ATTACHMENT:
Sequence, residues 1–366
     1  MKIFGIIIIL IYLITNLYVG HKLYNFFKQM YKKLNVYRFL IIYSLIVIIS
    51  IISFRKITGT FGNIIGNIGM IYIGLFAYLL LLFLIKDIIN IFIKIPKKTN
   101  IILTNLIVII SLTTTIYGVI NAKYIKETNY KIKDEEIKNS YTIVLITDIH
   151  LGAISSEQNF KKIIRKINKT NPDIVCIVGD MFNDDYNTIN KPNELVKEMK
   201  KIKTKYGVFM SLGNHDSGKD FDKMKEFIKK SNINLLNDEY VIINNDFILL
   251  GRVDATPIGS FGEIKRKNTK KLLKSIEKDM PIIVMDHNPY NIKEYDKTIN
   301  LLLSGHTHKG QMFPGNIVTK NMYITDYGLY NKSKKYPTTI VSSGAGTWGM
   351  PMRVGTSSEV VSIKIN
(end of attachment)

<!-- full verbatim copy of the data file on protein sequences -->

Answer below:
Sequence, residues 1–366
     1  MKIFGIIIIL IYLITNLYVG HKLYNFFKQM YKKLNVYRFL IIYSLIVIIS
    51  IISFRKITGT FGNIIGNIGM IYIGLFAYLL LLFLIKDIIN IFIKIPKKTN
   101  IILTNLIVII SLTTTIYGVI NAKYIKETNY KIKDEEIKNS YTIVLITDIH
   151  LGAISSEQNF KKIIRKINKT NPDIVCIVGD MFNDDYNTIN KPNELVKEMK
   201  KIKTKYGVFM SLGNHDSGKD FDKMKEFIKK SNINLLNDEY VIINNDFILL
   251  GRVDATPIGS FGEIKRKNTK KLLKSIEKDM PIIVMDHNPY NIKEYDKTIN
   301  LLLSGHTHKG QMFPGNIVTK NMYITDYGLY NKSKKYPTTI VSSGAGTWGM
   351  PMRVGTSSEV VSIKIN